As the night continued we met more and more of our friends’ friends — keep in mind, Nellie and I were the only ones there, as best we can tell, who weren’t family, university friends, camp friends, or co-workers…we were former patrons who somehow lucked into this fraternity — whilst drinking Beau’s Nightmarzen and Muskoka Cream Ale and maple Old Fashioneds and other cocktails that Wes cooked up when he ran low on raw materials. Eventually the short bus came back for us, and we all piled back to the cottage. The rest of the night gets fuzzy from there, though I do remember drinking lots of wine with Kaylea’s friend who works for Lifford, and then singing in the boathouse until 5am with the afore-mentioned Jeff Young and another member of his band. Which was, uh, pretty goddamn cool.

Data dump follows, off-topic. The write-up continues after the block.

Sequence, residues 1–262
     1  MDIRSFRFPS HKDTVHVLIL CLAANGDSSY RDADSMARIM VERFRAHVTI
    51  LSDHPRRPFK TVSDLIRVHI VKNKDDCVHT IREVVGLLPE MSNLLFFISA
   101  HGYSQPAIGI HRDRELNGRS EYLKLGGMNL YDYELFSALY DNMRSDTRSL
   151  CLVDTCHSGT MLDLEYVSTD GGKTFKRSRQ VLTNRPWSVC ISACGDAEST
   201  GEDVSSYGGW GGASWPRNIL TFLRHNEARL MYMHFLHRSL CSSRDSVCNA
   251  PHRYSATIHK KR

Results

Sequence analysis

The next morning chef A (and erstwhile sous chef B) saw to the lobsters’ untimely demise, and prepared poached eggs, more bagels, and a hash of the lobster, corned beef, potato, and other deliciousness.

Since the kegs had followed us back from the wedding venue, and we had nothing to do that day — it was too cold even to go swimming — we commenced our assault on their contents and set about doing fuck-all for the morning.

Swimming or no, that wasn’t bad to look at. Kaylea and I took a quick paddle off the dock before I joined the rest of the crew on the lawn, where we did…nothing. Well, that’s not true: we ate some terrific Reuben sandwiches and Nellie had a full-on nap on the grass.